'Thank you—Jimmy,' said Anthea with an effort. It seemed such a cheek to be saying Jimmy to a grown-up man. 'Jimmy, DEAR,' she added, with no effort at all. Jimmy smiled and looked pleased.
But now the ship was made fast, and the Captain had time to notice other things. He came towards them, and he was dressed in the best of all possible dresses for the seafaring life.
'What are you doing here?' he asked rather fiercely. 'Do you come to bless or to curse?'
'To bless, of course,' said Cyril. 'I'm sorry if it annoys you, but we're here by magic. We come from the land of the sun-rising,' he went on explanatorily.
'I see,' said the Captain; no one had expected that he would. 'I didn't notice at first, but of course I hope you're a good omen. It's needed. And this,' he pointed to the learned gentleman, 'your slave, I presume?'
'Not at all,' said Anthea; 'he's a very great man. A sage, don't they call it? And we want to see all your beautiful city, and your temples and things, and then we shall go back, and he will tell his friend, and his friend will write a book about it.'
'What,' asked the Captain, fingering a rope, 'is a book?'
'A record—something written, or,' she added hastily, remembering the Babylonian writing, 'or engraved.'
Some sudden impulse of confidence made Jane pluck the Amulet from the neck of her frock.
'Like this,' she said.
The Captain looked at it curiously, but, the other three were relieved to notice, without any of that overwhelming interest which the mere name of it had roused in Egypt and Babylon.
'The stone is of our country,' he said; 'and that which is engraved on it, it is like our writing, but I cannot read it. What is the name of your sage?'
'Ji-jimmy,' said Anthea hesitatingly.
The Captain repeated, 'Ji-jimmy. Will you land?' he added. 'And shall I lead you to the Kings?'
'Look here,' said Robert, 'does your King hate strangers?'
'Our Kings are ten,' said the Captain, 'and the Royal line, unbroken from Poseidon, the father of us all, has the noble tradition to do honour to strangers if they come in peace.'
'Then lead on, please,' said Robert, 'though I SHOULD like to see all over your beautiful ship, and sail about in her.'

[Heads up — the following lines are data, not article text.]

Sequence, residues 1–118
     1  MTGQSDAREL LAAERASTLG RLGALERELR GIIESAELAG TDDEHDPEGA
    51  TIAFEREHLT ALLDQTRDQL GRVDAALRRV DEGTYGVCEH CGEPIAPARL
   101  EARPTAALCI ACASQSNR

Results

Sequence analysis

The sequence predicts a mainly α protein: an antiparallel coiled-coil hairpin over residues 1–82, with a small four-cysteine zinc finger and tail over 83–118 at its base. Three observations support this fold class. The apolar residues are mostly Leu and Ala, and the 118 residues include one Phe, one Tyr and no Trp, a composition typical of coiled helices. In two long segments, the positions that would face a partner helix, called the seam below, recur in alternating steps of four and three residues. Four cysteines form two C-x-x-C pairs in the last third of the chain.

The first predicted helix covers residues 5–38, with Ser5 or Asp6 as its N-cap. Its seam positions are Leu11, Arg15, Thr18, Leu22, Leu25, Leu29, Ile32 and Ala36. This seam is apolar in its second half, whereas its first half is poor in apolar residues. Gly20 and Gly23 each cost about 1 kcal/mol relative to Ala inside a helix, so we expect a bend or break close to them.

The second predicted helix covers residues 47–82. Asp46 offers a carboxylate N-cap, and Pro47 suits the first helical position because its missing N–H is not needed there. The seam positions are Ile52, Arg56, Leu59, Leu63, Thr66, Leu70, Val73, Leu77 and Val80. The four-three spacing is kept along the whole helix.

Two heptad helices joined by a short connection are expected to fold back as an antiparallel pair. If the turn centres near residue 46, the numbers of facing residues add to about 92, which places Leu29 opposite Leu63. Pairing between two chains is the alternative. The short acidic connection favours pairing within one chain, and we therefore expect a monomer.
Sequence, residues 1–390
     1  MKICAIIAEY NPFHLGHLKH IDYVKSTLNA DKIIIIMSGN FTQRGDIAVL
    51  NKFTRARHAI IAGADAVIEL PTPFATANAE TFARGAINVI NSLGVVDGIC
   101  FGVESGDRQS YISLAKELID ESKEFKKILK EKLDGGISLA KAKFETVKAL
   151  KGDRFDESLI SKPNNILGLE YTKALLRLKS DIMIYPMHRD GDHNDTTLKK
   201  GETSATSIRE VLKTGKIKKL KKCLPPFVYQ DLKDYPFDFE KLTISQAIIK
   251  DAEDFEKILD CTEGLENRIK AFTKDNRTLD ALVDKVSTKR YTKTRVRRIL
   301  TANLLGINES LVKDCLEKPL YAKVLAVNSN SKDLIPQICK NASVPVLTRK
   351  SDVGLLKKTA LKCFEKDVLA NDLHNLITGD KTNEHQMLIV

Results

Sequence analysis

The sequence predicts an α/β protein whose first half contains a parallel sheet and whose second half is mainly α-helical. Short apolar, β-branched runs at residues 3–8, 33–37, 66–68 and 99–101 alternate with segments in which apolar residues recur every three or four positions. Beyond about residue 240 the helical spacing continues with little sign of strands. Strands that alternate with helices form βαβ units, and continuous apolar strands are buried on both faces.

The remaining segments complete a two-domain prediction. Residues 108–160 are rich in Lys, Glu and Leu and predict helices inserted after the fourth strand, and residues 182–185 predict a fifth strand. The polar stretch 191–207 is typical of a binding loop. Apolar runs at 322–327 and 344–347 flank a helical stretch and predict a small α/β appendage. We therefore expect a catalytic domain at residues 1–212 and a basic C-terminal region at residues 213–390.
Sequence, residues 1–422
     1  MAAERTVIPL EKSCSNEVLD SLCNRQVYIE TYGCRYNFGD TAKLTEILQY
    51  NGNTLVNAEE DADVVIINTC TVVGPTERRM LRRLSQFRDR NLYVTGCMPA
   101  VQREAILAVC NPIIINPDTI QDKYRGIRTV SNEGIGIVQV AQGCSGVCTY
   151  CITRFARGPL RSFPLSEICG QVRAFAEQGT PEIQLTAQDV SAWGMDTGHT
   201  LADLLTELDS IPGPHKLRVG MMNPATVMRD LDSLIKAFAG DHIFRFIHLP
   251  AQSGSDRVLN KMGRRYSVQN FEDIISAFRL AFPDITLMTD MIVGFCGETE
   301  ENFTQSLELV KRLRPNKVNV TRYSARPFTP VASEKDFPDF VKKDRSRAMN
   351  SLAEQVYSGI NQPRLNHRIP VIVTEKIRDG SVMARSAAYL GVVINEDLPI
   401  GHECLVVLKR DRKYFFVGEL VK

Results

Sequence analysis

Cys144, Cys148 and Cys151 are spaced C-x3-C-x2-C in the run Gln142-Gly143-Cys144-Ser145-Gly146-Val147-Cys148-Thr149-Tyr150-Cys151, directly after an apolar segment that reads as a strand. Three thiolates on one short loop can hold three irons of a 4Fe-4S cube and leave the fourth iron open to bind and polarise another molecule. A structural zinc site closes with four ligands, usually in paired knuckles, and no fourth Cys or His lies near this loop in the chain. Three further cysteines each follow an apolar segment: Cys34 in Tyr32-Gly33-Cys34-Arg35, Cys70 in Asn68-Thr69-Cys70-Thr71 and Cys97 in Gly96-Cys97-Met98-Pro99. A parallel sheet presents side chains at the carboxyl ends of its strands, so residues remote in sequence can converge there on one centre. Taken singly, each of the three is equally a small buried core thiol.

'That shall be later,' said the Captain; 'just now we're afraid of a storm—do you notice that odd rumbling?'
'That's nothing, master,' said an old sailor who stood near; 'it's the pilchards coming in, that's all.'
'Too loud,' said the Captain.
There was a rather anxious pause; then the Captain stepped on to the quay, and the others followed him.
'Do talk to him—Jimmy,' said Anthea as they went; 'you can find out all sorts of things for your friend's book.'
'Please excuse me,' he said earnestly. 'If I talk I shall wake up; and besides, I can't understand what he says.'
No one else could think of anything to say, so that it was in complete silence that they followed the Captain up the marble steps and through the streets of the town. There were streets and shops and houses and markets.
'It's just like Babylon,' whispered Jane, 'only everything's perfectly different.'
'It's a great comfort the ten Kings have been properly brought up—to be kind to strangers,' Anthea whispered to Cyril.
'Yes,' he said, 'no deepest dungeons here.'
There were no horses or chariots in the street, but there were handcarts and low trolleys running on thick log-wheels, and porters carrying packets on their heads, and a good many of the people were riding on what looked like elephants, only the great beasts were hairy, and they had not that mild expression we are accustomed to meet on the faces of the elephants at the Zoo.
'Mammoths!' murmured the learned gentleman, and stumbled over a loose stone.
The people in the streets kept crowding round them as they went along, but the Captain always dispersed the crowd before it grew uncomfortably thick by saying—
'Children of the Sun God and their High Priest—come to bless the City.'
And then the people would draw back with a low murmur that sounded like a suppressed cheer.
Many of the buildings were covered with gold, but the gold on the bigger buildings was of a different colour, and they had sorts of steeples of burnished silver rising above them.
'Are all these houses real gold?' asked Jane.
'The temples are covered with gold, of course,' answered the Captain, 'but the houses are only oricalchum. It's not quite so expensive.'
The learned gentleman, now very pale, stumbled along in a dazed way, repeating:
'Don't be frightened,' said Anthea; 'we can get home in a minute, just by holding up the charm. Would you rather go back now? We could easily come some other day without you.'